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Philosophy and mental health: How we respond is a matter of choice

By Chan Lishan, Mental Health Advocate

Mental illness can rob an individual’s home or place of dwelling, study opportunities, friends and mind. However temporary it may be, mental illness can be disabling, ravaging everything a person owns and what is needed for a person to function effectively in society. At that point, life is truly difficult. It is then that the words of Seneca, the Roman Stoic philosopher, ring true, “Sometimes even to live is an act of courage.”

A person with mental illness has within, the resources and strength to cope with and to thrive inspite of his condition. It is not what happens to a person that counts as either a blessing or a disaster. It is how the person perceives and interprets what has happened, and then how that person responds to what has happened. As the philosopher Epictetus, said, “It's not what happens to you, but how you react to it that matters.” We have a choice about how to respond to what life throws at us.

Having nothing left does not mean that a person must be lacking. In fact, the experience of loss, material or otherwise, makes one realise what is truly essential in a life. And it fosters the recognition that it is not how much one has that makes him rich or poor, but how much he perceives he needs.

If he is content with what he has, he can be rich without having a lot. But if he feels that he needs much more, he is as a consequence poor. Being grateful for what we have can bring us happiness and the courage to continue.

Illness is a part of life, but it need not be central to our lives

It is natural to feel bad about one’s diagnosis and to ask, why me? Did I deserve to be ill? Why me and not others? This, however, is to misunderstand the nature of illness. For everyone gets ill at some point, whether mild, moderate or severe. If not early on in life, then later on.

Even if there were a person who never falls ill, such a person would still know someone who is or has been ill, and, may be indirectly affected by that person’s sickness. The point is that we are all affected by illness to some extent.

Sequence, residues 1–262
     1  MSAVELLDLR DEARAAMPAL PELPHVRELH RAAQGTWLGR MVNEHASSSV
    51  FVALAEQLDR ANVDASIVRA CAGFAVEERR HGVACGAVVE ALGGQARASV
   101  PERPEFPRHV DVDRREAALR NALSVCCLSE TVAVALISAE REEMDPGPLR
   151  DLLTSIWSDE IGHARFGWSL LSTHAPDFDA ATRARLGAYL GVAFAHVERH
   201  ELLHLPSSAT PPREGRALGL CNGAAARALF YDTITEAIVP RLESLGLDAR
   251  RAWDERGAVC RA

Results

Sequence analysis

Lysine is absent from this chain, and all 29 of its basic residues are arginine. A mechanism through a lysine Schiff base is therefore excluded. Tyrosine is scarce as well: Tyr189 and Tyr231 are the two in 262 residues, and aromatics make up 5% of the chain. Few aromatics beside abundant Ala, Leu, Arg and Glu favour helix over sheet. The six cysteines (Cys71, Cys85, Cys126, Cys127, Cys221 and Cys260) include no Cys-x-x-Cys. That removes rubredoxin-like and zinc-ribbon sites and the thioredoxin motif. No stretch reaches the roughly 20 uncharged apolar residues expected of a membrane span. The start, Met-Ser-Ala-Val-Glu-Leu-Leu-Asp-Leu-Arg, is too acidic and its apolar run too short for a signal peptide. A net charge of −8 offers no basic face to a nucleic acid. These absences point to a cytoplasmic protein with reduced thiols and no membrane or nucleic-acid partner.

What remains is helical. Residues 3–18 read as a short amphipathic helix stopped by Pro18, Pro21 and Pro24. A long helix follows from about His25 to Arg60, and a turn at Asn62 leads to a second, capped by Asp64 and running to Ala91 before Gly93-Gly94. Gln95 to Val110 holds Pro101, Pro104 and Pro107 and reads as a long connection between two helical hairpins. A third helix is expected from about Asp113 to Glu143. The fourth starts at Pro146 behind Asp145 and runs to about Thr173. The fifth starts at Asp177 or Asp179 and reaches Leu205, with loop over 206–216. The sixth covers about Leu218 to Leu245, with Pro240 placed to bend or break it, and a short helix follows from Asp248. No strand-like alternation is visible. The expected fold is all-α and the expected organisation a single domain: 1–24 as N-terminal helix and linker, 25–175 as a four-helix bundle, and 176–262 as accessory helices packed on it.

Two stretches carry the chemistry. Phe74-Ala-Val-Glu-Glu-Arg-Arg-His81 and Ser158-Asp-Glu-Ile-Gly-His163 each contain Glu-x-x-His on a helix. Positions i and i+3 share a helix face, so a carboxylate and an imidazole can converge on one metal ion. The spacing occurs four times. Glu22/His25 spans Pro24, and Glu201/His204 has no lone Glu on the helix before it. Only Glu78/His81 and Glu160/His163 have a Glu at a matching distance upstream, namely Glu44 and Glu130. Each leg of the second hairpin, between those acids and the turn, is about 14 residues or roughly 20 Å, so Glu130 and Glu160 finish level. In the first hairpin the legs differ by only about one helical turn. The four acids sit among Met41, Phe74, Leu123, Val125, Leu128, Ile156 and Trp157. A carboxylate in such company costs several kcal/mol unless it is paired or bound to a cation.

Illness is a natural phenomenon, as natural as birth, as natural as death. The sooner we grasp this idea, the quicker we will be able to accept the place of illness in our lives. While illness is a part of life, being diagnosed with illness does not mean that illness must take centre stage. Being diagnosed with illness does not mean that one cannot lead a meaningful or satisfying life.

Having said that, it is definitely possible to accept and embrace one’s condition. Recovery involves accepting and embracing one’s condition, and living life to the fullest in spite of one’s condition. It does not mean never having to take medications or the absence of symptoms.

In embracing one’s condition, we find that a mental health problem is an exceptional opportunity for us to discover the people who really care about us, the nature and character of a society faced with unfamiliar ground and about ourselves and how we respond to adversity.

It is character that counts

It is tempting to compare ourselves with others. When we see others possessing things that we do not have and when we see others achieving what we have not, we make ourselves out to be failures. But not only is this self-defeating and uncompassionate to the self, it neglects the very thing that we do have and can nurture.

According to Seneca, this thing that we possess, even if we have nothing else, is character. A person without a car, a house, or a promotion at work is not a nobody, if he has good character—possessing the virtues of doing and saying what is true, and of being just or fair. Ultimately, it is a certain greatness of spirit that all of us can nurture and develop in ourselves.

During a particularly difficult time, I didn’t have a place to stay, friends and family around me, and my scholarship was terminated. My peers were getting married and acquiring new homes and cars, and they were getting promotions at work with accompanying pay raises.

But I was eventually able to move on from my feelings of what I had lost and instead to focus on what I had gained through my experience, and to focus on how my experience had made me a more resilient and resourceful person, a person capable of making the most out of a difficult situation and, also, a more interesting person.

I currently work to enhance opportunities for persons with mental health issues… persons like me. It is immensely rewarding and fulfilling to be employed and to be of value to others.

I believe that the choices we make determine who we become. In the face of mental illness and its disabling consequences, we can choose to direct ourselves towards recovery and wellness, choose to practise self-compassion, as well as compassion for others, and choose to embrace our experience of mental illness. We can also choose to make our actions count for others.

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